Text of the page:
So we’ve established early that acquiring this lens really is a case of “buyer beware” but that should not put you off, in fact to the conterery the information that follows will hopefully both encourage and empower you to dip your proverbial toe in to the Soviet lens market.
"All animals are equal but some animals are more equal than others."− George Orwell
When I initially sat down to plan this post it was my intention to go in to detail on this aspect of performance, now at the time of writing it seems more appropriate to let the images do the talking. This image was taken wide open at f/1.5
Available Light – Leica M9 – 50mm Jupiter 3 f/1.5 ISO 160 1/90 Sec
Available Light has been selected by the Editors as a Leica Fotografie International (LFI) Master Shot.
Certainly from f/2 onwards this lens can produce sharpness which is more or less comparable to the VC 50/1.1 which I also own. It’s easy to get carried away in the search for maximum sharpness and neither the Jupiter 3 nor the perviously mentioned Voigtlander Nokton f/1.1 can get anywhere near the likes of the 50 Summilux f/1.4 Asph FLE, but you wouldn’t expect them to.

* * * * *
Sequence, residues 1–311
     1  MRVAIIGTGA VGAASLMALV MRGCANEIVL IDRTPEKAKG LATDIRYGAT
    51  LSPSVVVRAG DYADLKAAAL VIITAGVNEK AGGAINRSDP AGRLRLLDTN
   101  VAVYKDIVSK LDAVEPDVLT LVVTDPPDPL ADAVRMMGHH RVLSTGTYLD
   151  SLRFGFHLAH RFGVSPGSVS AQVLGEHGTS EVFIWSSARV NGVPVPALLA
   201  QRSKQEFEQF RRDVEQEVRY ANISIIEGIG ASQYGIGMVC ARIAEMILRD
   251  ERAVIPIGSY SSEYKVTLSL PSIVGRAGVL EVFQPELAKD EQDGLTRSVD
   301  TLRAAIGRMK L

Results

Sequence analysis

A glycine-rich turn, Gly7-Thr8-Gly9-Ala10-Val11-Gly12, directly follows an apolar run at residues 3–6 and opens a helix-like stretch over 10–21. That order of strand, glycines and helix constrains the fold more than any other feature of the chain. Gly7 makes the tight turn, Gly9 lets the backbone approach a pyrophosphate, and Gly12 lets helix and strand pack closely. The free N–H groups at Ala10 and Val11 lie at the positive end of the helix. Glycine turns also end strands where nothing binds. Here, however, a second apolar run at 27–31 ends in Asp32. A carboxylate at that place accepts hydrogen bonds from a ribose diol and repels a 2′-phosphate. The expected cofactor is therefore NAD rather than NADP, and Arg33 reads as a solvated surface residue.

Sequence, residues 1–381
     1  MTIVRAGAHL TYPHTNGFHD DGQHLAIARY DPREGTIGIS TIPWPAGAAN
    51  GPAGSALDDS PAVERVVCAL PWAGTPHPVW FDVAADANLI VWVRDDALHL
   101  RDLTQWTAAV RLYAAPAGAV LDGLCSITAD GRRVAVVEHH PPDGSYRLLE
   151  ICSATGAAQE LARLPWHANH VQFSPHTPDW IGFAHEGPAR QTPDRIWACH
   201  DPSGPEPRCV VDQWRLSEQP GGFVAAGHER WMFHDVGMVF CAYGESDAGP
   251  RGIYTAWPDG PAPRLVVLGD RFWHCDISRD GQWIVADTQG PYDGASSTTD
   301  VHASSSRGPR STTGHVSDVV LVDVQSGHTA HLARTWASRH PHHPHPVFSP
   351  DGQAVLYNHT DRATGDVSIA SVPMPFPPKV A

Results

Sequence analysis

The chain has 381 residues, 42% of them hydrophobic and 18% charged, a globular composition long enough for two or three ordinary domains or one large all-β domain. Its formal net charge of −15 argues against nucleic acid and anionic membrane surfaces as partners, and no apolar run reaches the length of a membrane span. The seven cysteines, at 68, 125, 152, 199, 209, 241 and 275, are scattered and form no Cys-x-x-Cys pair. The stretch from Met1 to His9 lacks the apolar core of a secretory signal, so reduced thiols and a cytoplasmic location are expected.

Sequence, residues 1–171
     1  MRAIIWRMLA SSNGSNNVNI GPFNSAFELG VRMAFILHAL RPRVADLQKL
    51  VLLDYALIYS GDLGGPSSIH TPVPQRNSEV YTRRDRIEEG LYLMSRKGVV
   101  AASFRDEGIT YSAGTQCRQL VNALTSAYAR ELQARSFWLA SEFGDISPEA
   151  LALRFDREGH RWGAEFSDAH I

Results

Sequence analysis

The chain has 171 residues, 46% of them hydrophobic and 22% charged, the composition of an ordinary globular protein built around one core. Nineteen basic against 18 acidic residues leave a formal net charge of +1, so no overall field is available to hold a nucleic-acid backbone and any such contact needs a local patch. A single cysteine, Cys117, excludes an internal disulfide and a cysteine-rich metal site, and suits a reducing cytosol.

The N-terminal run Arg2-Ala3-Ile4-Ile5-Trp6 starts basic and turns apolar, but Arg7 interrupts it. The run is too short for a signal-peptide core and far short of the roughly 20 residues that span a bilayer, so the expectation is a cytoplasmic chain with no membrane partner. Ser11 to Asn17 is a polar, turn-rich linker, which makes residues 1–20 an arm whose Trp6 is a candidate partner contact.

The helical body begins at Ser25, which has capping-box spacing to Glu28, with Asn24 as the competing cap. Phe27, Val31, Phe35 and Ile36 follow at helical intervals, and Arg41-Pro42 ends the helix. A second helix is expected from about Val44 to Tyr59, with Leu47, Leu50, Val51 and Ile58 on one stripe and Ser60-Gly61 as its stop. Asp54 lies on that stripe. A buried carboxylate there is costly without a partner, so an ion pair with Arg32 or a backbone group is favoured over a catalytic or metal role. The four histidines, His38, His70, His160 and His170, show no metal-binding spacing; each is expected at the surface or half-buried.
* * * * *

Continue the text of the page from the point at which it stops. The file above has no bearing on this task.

The point I would make is that if either the 50mm Jupiter 3 f/1.5 or the VC 50/1.1 was your only lens you would most likely consider them sharp enough, it’s only when you’ve been spoilt by the Leica offerings that you start to reflect on their performance with a more critical eye.
The Jupiter 3 does exhibit mild vignetting on the the M9 when shot with lens detection off. I choose to code the camera as 50 f/1.4 Asph 11891/11892 to reduce the vignetting. Incidentally this is the same code recommended for the Zeiss C Sonnar T* 1.5/50 ZM
I often add vignetting to images in post processing so for me it’s not an issue, regardless of this it is not excessive and can be corrected in part with coding and beyond that in PP should you wish. In the following image I have added a lot of vignetting in an effort to create a glow.
Owhiro Glow – Leica M9 – 50mm Jupiter 3 f/1.5 ISO 1250 1/4000 Sec
Owhiro Glow has been selected by the Editors as a Leica Fotografie International (LFI) Master Shot.
This is an acknowledged characteristic of the Sonnar design and therefore it will come as no surprise to know it is ever so slightly present in my Jupiter 3. However it’s taken some fairly critical analysis to spot it, it’s never cost me a shot but it does exist.